Did we go to Iraq for oil?

Question: Did we go to Iraq for oil?

Michael Klare: Well, first of all I think that the war in Iraq that began 2003 is a continuation of the war that began really on August 2nd 1990, when Iraq invaded Kuwait and President Bush Senior at that time said that the presence of Iraqi forces in Kuwait post a threat to Saudi Arabia in the flow of oil from the Persian Gulf and this was strategic threat to America's vital interests in accordance with the Carter doctrine of 1980, which says at anytime like hostile power threatens to flow of oil from the Persian gulf that is a threat to America’s vital interests, we will respond with military force if need be and when Saddam Hussein invaded Kuwait that is exactly what he said and so we are going to respond. Now, at the conclusion of that first Persian Gulf War, President Bush the elder said “Well, we not going to invade Iraq, we are going to bring down Saddam Hussein through economic warfare.” The sanctions regime that continued under President Clinton, but he made clear and President Clinton made clear that the purpose of those economic sanctions was regime change in Baghdad to get rid of this potential threat to the security, the stability of the entire region and the stability of the entire region was crucial, because of the importance of the flow of oil from the gulf to the rest of the world. Not just Iraq's oil, but the entire region. The current President Bush decided in 2002 that economic sanctions were failing in their intended mission to eliminate Saddam Hussein and thereby ensure the security of the oil flow from the Persian Gulf and that it would be necessary to resume the conflict where it had ended on February 1st 1991, on the Kuwait boarder with Iraq. That is the way I interpreted that the war of 2003 is really a continuation of the war of 1991, with the same purpose to eliminate the threat of Saddam Hussein posed to the safety of the entire region and its oil flow in accordance with the Carter doctrine.

Question: If we went there for oil, is that okay?

Michael Klare:
Well, I think it is not okay in the sense that we have become addicted to foreign oil as a diversion from the essential task of freeing ourselves from dependents on petroleum, number one. Number two, I think that we delude ourselves into thinking that military force can ensure the protection of oil and I think that the lesson of the current war in Iraq is that military force does not ensure the safety of oil. In fact it has the opposite effect, it makes the threat greater not lesser and that we are paying an extraordinarily high cost in human lives and in dollars, I mean $3 trillion we are speaking now to protect oil, if that was added as attacks to the price of gasoline, now we would be paying two times as much of the pump for the gasoline that we pay and I just think that this is scandalize as well as being moral.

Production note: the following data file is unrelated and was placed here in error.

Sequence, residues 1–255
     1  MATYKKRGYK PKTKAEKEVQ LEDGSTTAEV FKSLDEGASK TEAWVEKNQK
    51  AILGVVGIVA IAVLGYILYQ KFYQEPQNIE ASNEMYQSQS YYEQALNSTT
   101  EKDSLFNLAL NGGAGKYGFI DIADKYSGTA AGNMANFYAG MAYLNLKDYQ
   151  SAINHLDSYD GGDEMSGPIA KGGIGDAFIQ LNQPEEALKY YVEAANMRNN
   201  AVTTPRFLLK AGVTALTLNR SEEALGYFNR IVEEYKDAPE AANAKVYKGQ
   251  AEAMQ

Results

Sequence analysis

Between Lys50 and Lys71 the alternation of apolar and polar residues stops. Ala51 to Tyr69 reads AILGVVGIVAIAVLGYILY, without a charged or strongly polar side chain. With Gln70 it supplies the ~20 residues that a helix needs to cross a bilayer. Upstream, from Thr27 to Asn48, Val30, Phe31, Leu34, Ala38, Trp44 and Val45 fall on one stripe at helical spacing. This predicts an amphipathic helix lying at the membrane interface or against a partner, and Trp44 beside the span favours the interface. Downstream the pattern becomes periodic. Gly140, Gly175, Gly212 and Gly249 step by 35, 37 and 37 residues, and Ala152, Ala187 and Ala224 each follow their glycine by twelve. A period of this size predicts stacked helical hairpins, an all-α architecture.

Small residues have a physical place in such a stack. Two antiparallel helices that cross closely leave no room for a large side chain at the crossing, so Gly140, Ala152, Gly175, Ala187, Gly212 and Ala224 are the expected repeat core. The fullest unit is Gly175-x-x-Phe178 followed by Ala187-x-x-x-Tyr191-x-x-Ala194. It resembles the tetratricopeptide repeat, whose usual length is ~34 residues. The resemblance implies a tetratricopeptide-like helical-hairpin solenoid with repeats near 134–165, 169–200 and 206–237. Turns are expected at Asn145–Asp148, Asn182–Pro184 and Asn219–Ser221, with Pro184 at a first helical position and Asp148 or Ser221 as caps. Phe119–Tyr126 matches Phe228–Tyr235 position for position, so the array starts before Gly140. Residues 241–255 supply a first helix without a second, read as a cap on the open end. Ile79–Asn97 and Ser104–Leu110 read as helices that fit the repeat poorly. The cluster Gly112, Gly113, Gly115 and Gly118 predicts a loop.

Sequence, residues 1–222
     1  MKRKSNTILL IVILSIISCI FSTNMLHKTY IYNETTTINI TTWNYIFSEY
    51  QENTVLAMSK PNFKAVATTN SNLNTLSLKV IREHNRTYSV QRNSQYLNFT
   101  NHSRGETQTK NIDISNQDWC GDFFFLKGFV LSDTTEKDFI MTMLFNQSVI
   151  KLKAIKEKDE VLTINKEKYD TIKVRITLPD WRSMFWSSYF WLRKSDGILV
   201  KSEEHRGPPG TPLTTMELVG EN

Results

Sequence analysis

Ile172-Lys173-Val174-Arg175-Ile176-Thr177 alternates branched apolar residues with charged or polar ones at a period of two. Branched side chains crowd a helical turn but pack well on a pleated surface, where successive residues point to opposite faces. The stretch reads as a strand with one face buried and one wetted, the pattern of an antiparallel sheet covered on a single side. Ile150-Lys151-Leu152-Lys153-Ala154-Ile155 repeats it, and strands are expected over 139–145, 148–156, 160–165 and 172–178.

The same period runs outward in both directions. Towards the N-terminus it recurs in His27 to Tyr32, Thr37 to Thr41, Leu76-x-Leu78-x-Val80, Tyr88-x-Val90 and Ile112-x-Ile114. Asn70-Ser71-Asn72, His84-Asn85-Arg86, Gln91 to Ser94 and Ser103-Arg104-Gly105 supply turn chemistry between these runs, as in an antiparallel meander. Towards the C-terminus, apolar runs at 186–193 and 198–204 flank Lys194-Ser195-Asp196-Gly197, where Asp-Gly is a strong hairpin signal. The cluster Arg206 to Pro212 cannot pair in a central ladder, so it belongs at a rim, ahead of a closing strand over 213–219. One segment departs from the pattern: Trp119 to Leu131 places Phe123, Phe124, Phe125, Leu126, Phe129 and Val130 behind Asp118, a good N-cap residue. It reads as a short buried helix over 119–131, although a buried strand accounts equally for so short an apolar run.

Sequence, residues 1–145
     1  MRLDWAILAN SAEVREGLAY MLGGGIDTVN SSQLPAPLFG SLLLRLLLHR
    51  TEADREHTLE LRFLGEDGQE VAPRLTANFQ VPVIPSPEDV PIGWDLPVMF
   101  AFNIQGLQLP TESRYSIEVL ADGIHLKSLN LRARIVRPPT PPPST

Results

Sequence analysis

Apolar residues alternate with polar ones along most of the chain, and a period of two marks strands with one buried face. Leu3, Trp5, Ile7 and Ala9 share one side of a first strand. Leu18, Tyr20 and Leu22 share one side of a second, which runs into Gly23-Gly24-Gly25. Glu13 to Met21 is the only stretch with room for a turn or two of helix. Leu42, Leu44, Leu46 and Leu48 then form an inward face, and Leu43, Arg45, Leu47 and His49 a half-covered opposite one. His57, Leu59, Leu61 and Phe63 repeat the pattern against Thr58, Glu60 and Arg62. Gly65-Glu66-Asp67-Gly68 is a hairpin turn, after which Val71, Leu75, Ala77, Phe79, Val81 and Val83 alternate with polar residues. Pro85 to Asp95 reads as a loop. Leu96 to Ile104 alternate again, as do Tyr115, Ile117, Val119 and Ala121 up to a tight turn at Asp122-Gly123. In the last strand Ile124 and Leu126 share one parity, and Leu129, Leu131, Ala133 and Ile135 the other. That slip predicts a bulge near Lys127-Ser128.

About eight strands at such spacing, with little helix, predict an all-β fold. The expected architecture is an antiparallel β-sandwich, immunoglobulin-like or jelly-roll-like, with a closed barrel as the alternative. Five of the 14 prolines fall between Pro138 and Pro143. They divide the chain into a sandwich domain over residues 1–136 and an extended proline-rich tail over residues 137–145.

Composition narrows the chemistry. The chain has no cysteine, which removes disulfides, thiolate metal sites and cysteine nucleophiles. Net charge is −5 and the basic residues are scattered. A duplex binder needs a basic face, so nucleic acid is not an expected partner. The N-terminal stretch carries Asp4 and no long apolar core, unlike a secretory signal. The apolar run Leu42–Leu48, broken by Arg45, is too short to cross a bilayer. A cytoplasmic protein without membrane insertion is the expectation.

Question: What happened to Iraq’s oil?

Michael Klare:
Well, as I say I don’t believe that the war in Iraq is about Iraq’s oil per say, it is about the safety of the flow from the entire region. So, President Bush could argue and he is hinted at this, he know that by attacking Saddam Hussein we have made the regions safer and in fact oil continues to flow from Kuwait and Saudi Arabia, all this time, so he could claim that we have seen a benefit from this, but the cost to American tax payers of this oil has been humongous.

Recorded: 3/14/08

 

And if we did, is that okay?

Change.org
Politics & Current Affairs
  • The tongue-in-cheek petition, whose stated aim is to reduce the national debt, has been signed more than 8,600 times as of Tuesday.
  • Selling Montana, the fourth largest state in the country, would constitute the largest land deal since the Louisiana Purchase.
  • The national debt is often a source of concern for individuals, but the chances of the U.S. defaulting on its debts are relatively low — in part because the bulk of the national debt is owned by the American public.
Keep reading Show less

Study: Memories of music cannot be lost to Alzheimer's and dementia

The part of your brain responsible for ASMR catalogs music, and appears to be a stronghold against Alzheimer's and dementia.

The parts of the brain highlighted in red and yellow are thought to control your sense of attention and memory. (image c/o Brain Network Lab)
popular

Some music inspires you to move your feet, some inspires you to get out there and change the world. In any case, and to move hurriedly on to the point of this article, it's fair to say that music moves people in special ways. 

Keep reading Show less

What makes someone gay? Science is trying to get it straight.

Evolutionarily speaking, being gay is still something of an enigma

Videos
  • Heterosexual people have been less interesting to scientists than gay people, in terms of where they come from, because, evolutionarily speaking, being gay doesn't lead to a higher "higher reproductive fitness" — meaning, it doesn't lead to more babies.
  • Across cultures, gay boys tend to be more interested in spending time with their mothers.
  • We still don't really know why gay people are attracted to each other.